Involving stakeholders key to Afghan peace talks
The recent talks between the United States and the Taliban, the first of its kind, in Qatar broke many a stalemate. But the Taliban has intensified their attacks against the Afghan government in total disregard to the outcome of the talks.
The first ever talks between the Afghan government and the Taliban were held on July 7, 2015, in Murree near Islamabad under the supervision of US, Pakistani and Chinese representatives. However, no progress has been made.
To persuade the Taliban to agree to the second round of peace talks with the Afghan government, which were stalled after Taliban leader Mullah Omar's death, the Quadrilateral Coordination Group comprising Afghanistan, Pakistan, China and the US was established in December 2015. But it could not break the stalemate. Worse, the QCG suffered a blow owing to the mistrust between Pakistan and the US after US drones targeted Omar's successor Mullah Mansour in Baluchistan, Pakistan, which Islamabad said was a violation of its territorial integrity.
But even if the Taliban attend the peace talks, it does not necessarily mean they will eschew violence, because despite agreeing to negotiations, the Taliban have intensified their attacks against the Afghan government, indicating they never come to the table with bona fide intentions. Which means the Taliban consider the peace process as a political game, and use it to push their own agenda forward. For instance a handful of the Taliban prisoners were released from Afghan prisons based on an agreement but they returned to the "battlefields". The Taliban also assassinated Burhanuddin Rabbani, the head of Afghan High Peace Council, in 2011.
The recent talks between the US and the Taliban representatives are unlikely to yield results for two reasons: First, one-on-one talks cannot be productive when it comes to the US and the Taliban. The stakeholders and Afghanistan's allies will have to support an Afghanistan-led peace process, and the parties have to stop downplaying the role of Afghanistan's neighbors in this regard. The fact is that Pakistan and China carry much more weight in peace negotiations and their absence, as well as that of Afghanistan, from the US-Taliban talks in Qatar was strongly felt. Russia, too, seeks to play a role in the process.
Second, peace talks have split the Taliban in the past and some of their leaders who pursued talks have been assassinated. With this in mind, a peace agreement between "Qatari Taliban" and the US, if it ever happens, will divide the Taliban into factions.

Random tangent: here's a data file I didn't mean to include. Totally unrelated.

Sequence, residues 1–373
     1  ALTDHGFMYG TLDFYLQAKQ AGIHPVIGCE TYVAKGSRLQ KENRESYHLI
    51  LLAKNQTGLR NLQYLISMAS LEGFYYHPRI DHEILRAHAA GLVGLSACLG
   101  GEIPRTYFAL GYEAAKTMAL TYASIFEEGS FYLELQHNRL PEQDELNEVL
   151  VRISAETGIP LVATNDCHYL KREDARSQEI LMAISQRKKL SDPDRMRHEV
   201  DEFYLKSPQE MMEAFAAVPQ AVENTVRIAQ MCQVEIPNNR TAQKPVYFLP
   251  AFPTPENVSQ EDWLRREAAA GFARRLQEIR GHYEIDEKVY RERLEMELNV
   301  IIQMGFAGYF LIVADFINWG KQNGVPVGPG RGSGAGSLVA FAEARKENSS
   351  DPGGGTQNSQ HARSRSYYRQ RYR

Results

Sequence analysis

Rejecting Kabul's olive branch, radical Taliban leader Mullah Haibatullah has constantly followed the policy of hit-and-run to consolidate his power, especially among those mercenaries who only know how to pull the trigger. Thus the talks have failed to yield a unanimous nod, let alone an agreement, from the Taliban leadership.
To bring the Taliban to the table, all stakeholders have to play a constructive role without downplaying one another. As such, Afghanistan's allies and regional powers, including China, Pakistan, Iran and Russia, should form a multilateral peace council to resolve the conflict through negotiations.
Political rivalries between regional powers have prevented the formation of a council to restore peace in Afghanistan. And the blame game between Kabul and Islamabad, combined with the trust deficit between the US and Russia, and the US and Iran, has prompted them to pursue talks on their own, which has led to nowhere.
However, the tense relations between Afghanistan and Pakistan have eased thanks to China's efforts such as the hosting of the first China-Afghanistan-Pakistan Foreign Ministers' Dialogue on Dec 26, 2017, to strengthen mutual trust between Kabul and Islamabad.
Nonetheless, relations between Iran and Russia on the one hand and the US on the other have worsened after the US pulled out of the Iran nuclear deal and re-imposed sanctions on Iran and due to volatile relations between Washington and Moscow. In such a case, not only Afghanistan's security but also regional security faces a threat.
Despite the ongoing peace process and frequent peace offers by the Afghan government to the Taliban, insurgency has not subsided, and the strong sense of fear and disappointment across Afghanistan has left little room for talks. Therefore, Afghanistan and its international allies must strike a strong military deal to counter the Taliban if the latter resist returning to the negotiation table.
The author is a columnist for Daily Outlook, an independent newspaper in Afghanistan.